100 Very Best Restaurants 2017: Komi

Olivie oil financier, mountain rose apples, Iowa cheddar. Photo by Scott Suchman.

Tasting menus often feel like cocktail parties—entertaining but ultimately filled with unmemorable tidbits (and a craving for pasta after). Komi is the antithesis, down to chef Johnny Monis’s house-made noodles that arrive after a series of ethereal Mediterranean snacks. Few chefs can maintain this caliber of prix fixe for more than a decade, quietly surpassing the growing competition. A visit to the tranquil rowhouse almost always involves a 12-course meal at Monis’s hands, though table visits are rare. Instead, servers are kitchen ambassadors, introducing dishes with such earnest enthusiasm that it seems they’ve been to the Greek island of Chios, birthplace of both the lavraki crudo and Monis’s grandparents. Savories culminate in a deeply satisfying portion of whole fish or roasted meats such as suckling pig or dry-aged lamb neck, rounded out with warm pita, tzatziki, and relishes for slathering. More wine? Sommeliers Kyle Wilson and Meghan McNamara tag-team with surprises—Greek sparkling wine, sherry, cider—for an engaging pairing. Of all the restaurants that claim to offer the professional equivalent of a dinner party, Komi is the consummate host. Very expensive.

Also great: Taramasalata tartlet; pasta with rabbit; foie gras with blueberries; sweet-corn gelato.

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Ann Limpert
Executive Food Editor/Critic

Ann Limpert joined Washingtonian in late 2003. She was previously an editorial assistant at Entertainment Weekly and a cook in New York restaurant kitchens, and she is a graduate of the Institute of Culinary Education. She lives in Logan Circle.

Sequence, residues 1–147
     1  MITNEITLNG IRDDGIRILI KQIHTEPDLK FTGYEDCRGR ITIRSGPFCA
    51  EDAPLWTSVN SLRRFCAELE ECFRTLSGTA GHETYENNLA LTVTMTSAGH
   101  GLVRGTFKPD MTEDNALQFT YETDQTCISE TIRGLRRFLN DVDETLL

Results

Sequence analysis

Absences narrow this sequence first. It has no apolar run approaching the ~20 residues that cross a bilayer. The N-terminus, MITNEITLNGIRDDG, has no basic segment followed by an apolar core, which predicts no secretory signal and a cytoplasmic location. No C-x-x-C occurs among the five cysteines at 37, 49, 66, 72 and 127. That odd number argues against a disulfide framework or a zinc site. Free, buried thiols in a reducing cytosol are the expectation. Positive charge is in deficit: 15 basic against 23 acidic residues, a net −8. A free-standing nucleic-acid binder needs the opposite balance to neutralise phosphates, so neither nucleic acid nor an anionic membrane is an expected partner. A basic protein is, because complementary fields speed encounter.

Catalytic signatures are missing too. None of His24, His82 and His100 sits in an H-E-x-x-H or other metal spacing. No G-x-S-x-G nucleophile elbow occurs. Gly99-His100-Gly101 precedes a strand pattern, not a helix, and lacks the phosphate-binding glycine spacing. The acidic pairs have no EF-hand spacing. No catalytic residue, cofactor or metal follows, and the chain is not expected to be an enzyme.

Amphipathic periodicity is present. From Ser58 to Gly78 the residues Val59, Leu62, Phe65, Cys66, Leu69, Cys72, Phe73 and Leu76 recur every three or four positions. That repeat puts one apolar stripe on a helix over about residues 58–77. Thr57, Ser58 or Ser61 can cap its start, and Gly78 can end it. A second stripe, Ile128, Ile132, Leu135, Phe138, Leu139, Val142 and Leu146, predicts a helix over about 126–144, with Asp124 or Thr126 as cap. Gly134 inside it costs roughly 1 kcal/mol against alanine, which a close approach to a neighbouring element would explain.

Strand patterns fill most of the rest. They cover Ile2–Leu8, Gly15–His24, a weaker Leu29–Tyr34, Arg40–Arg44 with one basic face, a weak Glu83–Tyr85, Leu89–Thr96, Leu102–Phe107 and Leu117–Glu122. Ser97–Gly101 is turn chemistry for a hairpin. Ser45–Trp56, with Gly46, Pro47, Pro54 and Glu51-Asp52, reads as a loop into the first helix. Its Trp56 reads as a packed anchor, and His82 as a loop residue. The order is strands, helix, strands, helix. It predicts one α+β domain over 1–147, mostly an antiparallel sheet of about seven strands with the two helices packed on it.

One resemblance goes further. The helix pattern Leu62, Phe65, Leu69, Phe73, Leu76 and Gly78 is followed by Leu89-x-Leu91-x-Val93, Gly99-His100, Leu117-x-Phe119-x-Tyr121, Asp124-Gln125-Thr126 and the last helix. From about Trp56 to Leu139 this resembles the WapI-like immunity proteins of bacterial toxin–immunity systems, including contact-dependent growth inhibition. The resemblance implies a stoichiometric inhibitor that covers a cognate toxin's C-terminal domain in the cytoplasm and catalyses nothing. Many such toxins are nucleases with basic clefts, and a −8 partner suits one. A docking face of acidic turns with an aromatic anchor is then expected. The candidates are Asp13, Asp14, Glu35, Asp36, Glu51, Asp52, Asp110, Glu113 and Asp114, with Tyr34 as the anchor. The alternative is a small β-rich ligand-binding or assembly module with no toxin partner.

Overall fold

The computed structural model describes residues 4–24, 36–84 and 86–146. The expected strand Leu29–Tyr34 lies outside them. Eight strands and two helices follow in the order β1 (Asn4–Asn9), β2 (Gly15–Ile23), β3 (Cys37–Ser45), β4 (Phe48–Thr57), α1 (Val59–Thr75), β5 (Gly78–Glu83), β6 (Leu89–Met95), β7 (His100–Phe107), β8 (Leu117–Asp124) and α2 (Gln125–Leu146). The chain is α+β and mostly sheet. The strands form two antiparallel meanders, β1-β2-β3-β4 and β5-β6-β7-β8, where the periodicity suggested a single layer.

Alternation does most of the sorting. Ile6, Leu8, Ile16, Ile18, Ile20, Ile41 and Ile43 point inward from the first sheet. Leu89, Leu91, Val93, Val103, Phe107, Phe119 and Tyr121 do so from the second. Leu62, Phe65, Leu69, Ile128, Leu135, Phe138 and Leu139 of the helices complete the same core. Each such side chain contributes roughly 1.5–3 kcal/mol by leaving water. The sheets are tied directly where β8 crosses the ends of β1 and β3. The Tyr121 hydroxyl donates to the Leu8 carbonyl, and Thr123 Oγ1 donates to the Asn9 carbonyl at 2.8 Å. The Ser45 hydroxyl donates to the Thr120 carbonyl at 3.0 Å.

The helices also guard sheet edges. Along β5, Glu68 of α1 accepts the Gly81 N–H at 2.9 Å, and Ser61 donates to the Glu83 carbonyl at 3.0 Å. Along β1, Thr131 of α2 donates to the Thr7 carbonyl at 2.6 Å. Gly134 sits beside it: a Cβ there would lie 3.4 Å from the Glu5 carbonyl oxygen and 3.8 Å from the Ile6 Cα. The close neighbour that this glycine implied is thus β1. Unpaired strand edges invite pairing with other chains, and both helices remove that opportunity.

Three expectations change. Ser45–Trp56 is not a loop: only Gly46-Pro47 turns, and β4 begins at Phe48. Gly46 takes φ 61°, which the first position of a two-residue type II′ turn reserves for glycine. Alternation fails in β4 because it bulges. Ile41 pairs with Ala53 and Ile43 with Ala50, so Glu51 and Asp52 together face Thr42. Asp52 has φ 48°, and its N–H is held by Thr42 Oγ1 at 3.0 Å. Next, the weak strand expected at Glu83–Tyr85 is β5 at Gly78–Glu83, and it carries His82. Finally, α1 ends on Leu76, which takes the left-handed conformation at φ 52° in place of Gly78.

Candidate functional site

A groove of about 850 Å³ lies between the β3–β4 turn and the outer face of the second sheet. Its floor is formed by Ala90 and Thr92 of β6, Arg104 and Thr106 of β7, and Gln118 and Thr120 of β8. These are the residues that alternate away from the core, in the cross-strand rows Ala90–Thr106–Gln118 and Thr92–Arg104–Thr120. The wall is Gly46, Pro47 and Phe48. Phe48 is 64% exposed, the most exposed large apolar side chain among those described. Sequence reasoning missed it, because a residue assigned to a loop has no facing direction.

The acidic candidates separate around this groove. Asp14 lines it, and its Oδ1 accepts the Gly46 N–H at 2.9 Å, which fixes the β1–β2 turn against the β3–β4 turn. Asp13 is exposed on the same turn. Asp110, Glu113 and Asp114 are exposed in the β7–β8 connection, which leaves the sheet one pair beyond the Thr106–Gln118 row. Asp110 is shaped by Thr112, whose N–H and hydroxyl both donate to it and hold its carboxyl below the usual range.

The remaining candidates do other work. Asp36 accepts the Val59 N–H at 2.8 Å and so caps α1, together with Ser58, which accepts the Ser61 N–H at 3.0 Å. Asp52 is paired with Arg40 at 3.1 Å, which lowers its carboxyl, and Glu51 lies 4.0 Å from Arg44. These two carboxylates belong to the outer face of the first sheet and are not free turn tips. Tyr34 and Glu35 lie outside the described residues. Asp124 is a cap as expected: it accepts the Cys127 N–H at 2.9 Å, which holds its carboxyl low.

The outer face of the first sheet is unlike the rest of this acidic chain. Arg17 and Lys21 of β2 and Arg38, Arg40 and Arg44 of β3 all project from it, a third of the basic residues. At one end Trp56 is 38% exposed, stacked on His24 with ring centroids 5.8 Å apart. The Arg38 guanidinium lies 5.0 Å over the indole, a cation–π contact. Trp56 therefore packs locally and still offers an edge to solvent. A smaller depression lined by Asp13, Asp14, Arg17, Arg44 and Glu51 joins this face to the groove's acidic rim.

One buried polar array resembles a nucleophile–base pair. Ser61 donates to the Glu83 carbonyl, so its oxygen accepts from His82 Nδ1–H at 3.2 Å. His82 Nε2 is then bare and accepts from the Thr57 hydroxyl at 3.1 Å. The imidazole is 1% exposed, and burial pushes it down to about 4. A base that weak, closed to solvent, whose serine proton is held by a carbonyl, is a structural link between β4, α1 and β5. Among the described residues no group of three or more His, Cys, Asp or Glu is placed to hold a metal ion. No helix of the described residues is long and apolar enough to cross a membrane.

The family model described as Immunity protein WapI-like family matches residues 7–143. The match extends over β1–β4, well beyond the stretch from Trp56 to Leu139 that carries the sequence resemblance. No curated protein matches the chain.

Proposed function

Anna Spiegel
Food Editor

Anna Spiegel covers the dining and drinking scene in her native DC. Prior to joining Washingtonian in 2010, she attended the French Culinary Institute and Columbia University’s MFA program in New York, and held various cooking and writing positions in NYC and in St. John, US Virgin Islands.

Jessica Sidman
Food Editor

Jessica Sidman covers the people and trends behind D.C.’s food and drink scene. Before joining Washingtonian in July 2016, she was Food Editor and Young & Hungry columnist at Washington City Paper. She is a Colorado native and University of Pennsylvania grad.

Kristen Hinman
Articles Editor

Kristen Hinman has been editing Washingtonian’s features since 2014. She joined the magazine after editing politics & policy coverage for Bloomberg Businessweek and working as a staff writer for Voice Media Group/Riverfront Times.